Efforts to preserve the environment can take many forms, some of them unexpected. A Michigan nonprofit, Save the Wild Upper Peninsula (U.P.), wants to do it through poetry. The goal is to encapsulate the beauty of nature in a few verses–or perhaps a sonnet, a la Shakespeare–thus drawing locals to think about preserving that beauty through environmental action.
Save the Wild U.P. is sponsoring a free poetry contest titled, “Putting the Wild into Words”, inviting U.P. residents to submit poems with nature themes or connections to Upper Peninsula’s natural landscape, from February 1 to March 15. Each person can submit one poem to be entered in the contest, and the poems will be judged by U.P. poet laureate Russell Thorburn. Winners will then read with Thorburn in Munising and Marquette.
Save the Wild U.P. is a grassroots organization founded in 2004. Its main goals are to protect Michigan’s Upper Peninsula (which extends into Wisconsin and Minnesota) from “unsustainable development, degradation and dangerous contamination” through education and awareness. The watershed of Upper Peninsula is greatly threatened by sulfide mining, and Save the Wild U.P. works with ally organizations to educate residents about the harmful economic and environmental consequences of sulfide mining in the area.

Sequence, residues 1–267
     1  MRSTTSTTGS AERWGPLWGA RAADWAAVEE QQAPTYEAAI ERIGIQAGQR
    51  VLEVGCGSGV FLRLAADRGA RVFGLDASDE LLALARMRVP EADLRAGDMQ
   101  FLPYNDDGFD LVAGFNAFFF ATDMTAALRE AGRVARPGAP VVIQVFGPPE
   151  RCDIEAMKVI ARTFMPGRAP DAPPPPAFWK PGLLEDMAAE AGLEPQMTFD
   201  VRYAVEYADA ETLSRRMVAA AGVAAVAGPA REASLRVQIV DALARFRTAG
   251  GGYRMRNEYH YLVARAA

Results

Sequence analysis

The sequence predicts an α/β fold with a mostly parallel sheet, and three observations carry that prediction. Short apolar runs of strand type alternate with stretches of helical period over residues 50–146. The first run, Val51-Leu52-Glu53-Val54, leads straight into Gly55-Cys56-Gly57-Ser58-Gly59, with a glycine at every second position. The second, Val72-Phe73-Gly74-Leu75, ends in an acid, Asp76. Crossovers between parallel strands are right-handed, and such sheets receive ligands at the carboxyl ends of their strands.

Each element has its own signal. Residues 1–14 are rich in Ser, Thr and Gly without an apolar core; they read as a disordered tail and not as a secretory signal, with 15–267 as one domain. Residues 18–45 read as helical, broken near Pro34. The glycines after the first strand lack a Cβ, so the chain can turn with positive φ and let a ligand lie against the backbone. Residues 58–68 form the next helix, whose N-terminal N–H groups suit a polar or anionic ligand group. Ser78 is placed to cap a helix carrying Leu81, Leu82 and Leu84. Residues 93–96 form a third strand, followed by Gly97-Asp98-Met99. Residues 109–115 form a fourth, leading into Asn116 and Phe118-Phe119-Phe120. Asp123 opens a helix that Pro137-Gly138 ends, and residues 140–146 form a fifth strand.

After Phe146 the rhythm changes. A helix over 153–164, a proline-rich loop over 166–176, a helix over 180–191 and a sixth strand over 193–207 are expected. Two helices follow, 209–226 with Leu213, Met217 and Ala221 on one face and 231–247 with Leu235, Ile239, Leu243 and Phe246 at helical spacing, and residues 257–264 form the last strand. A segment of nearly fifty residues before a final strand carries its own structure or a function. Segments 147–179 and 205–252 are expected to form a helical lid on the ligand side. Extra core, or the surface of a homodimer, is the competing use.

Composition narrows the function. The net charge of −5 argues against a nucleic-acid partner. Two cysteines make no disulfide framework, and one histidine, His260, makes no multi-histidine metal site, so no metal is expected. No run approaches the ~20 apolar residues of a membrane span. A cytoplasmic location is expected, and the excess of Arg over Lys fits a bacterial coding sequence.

Piers Gorge in Michigan’s Upper Peninsula; photo by David Banta.
Artistic contests like these help us visualize the importance of our environment and its influence in our daily and creative lives. It is a way to bridge various parts of our communities to begin thinking about important topics, such as environmental protection. These events generate conversation and visibility for a local cause in a setting outside of the organization or interest groups.
For actions that need funding, sponsoring a community-based event, such as a poetry reading, night of local music, or a community cleanup day, can help generate funds and advertise your project. By drawing on a community’s vibrant culture and interests in music, art, and crafts and partnering it with an environmental cause, more people can become aware of your local watershed’s needs and actions.
Posted by Mark Contorno